Talking across boundaries: Business and NGO perspectives on sustainable development and partnership
Abstract Partnership,between ,business ,and ,Non-Governmental ,Organizations ,(NGOs)
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- "With a credible appearance , civil organizations may enhance corporate awareness of the compati bility between environmentally sound business operations and profit expectations . In opposition to mainstream management practices , corporate civil partnerships may provide alternative solutions to sustainability - related problems ( for example , Reed and Reed , 2009 ; Wadham , 2009 ; Dahan et al . , 2010 ) . "
ABSTRACT: International environmental policy has long recognized the role of both the civil and business sectors in the implementation of sustainable development, as reflected by the Earth Summit in 1992 (United Nations Conference on Environment and Development, Rio de Janeiro) and the resulting publication of the Agenda 21 action plan. The importance of civil organizations is also stressed by the European Union's environmental policy, as indicated by, for instance, the Sixth Environmental Action Plan, which was accepted in 2002. Nevertheless, the common understanding of how non-governmental organizations may influence corporate environmental behavior, especially that of small and medium-sized enterprises, remains limited. This paper presents the results of research examining the relationships between non-governmental organizations and businesses based on the stakeholder theory of the firm. The results show that small and medium-sized enterprises rank the importance of different stakeholders similarly to larger businesses and often engage in cooperation with non-governmental organizations. It is also demonstrated that cooperative strategies constitute an important and effective component of non-governmental organizations' behavior toward businesses and that the indirect influence of the civil sector is as important as its direct impact. The results contribute to the development of the stakeholder theory of the firm and help inform practical decision makers about how to improve relationships between business and non-governmental organizations.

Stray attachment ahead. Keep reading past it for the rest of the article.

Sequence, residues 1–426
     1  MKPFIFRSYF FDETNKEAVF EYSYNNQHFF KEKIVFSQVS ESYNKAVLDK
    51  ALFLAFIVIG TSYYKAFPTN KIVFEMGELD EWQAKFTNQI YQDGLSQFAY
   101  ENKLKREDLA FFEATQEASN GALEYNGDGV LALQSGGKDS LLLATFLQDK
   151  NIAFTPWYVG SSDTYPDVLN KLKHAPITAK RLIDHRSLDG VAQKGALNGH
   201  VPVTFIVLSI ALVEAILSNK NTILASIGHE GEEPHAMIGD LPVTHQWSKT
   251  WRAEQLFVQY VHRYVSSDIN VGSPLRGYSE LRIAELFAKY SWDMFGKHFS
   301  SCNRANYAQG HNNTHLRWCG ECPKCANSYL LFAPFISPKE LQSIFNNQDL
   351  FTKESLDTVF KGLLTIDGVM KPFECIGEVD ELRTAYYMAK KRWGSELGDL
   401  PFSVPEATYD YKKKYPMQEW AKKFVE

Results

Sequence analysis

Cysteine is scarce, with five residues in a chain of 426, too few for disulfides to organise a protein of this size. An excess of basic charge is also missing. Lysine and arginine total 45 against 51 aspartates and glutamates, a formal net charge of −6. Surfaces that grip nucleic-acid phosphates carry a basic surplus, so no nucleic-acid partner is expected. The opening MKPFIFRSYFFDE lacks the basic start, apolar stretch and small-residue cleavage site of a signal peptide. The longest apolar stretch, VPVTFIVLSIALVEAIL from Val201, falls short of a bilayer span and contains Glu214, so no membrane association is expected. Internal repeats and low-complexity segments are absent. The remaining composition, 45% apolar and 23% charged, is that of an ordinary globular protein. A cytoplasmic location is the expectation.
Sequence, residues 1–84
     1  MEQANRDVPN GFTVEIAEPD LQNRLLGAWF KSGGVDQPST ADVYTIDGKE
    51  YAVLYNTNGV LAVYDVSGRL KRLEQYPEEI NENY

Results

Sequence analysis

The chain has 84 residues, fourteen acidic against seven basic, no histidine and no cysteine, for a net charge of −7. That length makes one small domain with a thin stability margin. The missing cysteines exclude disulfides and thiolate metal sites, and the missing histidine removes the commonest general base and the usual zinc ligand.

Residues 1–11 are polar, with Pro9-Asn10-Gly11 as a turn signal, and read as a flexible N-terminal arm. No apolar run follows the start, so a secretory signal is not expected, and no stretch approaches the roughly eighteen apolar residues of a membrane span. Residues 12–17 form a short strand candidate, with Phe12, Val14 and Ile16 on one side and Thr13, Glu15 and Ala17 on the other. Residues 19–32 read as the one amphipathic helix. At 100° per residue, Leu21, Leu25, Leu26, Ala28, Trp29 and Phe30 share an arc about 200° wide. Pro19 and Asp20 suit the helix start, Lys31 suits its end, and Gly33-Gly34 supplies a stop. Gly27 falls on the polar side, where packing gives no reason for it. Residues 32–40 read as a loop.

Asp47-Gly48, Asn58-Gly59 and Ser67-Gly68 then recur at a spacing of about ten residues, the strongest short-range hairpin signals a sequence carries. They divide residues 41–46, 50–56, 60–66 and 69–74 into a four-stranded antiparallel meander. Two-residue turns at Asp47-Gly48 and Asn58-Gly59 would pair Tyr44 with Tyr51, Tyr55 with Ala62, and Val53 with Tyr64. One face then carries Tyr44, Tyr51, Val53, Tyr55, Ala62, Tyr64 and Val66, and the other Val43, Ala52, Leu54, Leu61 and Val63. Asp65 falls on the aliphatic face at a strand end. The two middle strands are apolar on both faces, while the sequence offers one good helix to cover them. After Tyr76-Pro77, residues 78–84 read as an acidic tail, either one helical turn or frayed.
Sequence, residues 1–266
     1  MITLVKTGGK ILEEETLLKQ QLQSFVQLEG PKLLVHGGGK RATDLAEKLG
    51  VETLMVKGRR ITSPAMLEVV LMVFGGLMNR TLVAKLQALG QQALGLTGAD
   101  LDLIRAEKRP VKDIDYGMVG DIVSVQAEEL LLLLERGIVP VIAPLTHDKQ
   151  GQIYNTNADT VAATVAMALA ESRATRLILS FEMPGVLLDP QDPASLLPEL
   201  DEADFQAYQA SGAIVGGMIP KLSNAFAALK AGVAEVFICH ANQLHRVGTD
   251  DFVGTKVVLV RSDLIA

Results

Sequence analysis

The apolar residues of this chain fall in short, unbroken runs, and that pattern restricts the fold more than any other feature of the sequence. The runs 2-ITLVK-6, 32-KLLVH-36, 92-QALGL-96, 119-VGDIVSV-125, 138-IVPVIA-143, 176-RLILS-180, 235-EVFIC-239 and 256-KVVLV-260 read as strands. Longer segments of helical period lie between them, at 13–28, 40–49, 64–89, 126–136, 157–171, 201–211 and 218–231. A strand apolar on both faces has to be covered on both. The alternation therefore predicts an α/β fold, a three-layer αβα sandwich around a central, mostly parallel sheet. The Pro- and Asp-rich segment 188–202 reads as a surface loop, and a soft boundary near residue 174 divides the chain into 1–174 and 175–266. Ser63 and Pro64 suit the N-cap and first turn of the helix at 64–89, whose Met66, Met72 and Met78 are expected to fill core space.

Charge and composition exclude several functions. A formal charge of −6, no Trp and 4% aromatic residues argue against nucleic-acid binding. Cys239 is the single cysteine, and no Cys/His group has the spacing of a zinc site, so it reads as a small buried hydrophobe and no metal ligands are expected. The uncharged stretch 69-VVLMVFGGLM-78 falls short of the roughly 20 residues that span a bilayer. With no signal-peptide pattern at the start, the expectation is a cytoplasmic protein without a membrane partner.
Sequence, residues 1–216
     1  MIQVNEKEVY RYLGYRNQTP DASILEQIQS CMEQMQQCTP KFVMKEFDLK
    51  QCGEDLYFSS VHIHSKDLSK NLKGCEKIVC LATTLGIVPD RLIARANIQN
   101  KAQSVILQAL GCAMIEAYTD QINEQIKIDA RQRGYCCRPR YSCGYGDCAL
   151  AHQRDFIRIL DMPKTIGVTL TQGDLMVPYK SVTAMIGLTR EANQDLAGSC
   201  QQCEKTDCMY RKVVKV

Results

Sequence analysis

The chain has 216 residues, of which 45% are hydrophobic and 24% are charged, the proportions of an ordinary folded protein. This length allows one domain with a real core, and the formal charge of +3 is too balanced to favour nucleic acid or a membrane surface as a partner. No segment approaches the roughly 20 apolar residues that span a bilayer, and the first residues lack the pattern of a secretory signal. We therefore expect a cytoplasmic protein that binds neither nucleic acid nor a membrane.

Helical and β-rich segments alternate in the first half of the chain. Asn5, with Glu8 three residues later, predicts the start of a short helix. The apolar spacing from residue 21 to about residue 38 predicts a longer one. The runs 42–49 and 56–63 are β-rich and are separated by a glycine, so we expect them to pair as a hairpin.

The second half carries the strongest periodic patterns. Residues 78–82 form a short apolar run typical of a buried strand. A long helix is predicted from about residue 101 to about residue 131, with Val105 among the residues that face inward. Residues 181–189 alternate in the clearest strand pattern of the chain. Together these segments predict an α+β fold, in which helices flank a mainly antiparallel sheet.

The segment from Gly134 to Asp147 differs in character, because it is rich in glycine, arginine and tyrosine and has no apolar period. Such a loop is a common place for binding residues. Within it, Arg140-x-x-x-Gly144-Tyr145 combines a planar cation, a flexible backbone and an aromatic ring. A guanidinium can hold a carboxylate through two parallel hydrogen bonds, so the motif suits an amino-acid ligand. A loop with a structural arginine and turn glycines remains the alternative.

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- "Austin's continuum coincides with what Habermas (1987) and Wadham (2009) have suggested. They both empahsised the voluntary aspect of partnership at the formation stage based on communicative action under an " ideal speech situation " (Wadham, 2009, p. 58). Reuer et al. (2002) highlight the development of roles and behaviours of partners in a more pragmatic context which normally takes place at the post-formation stage. "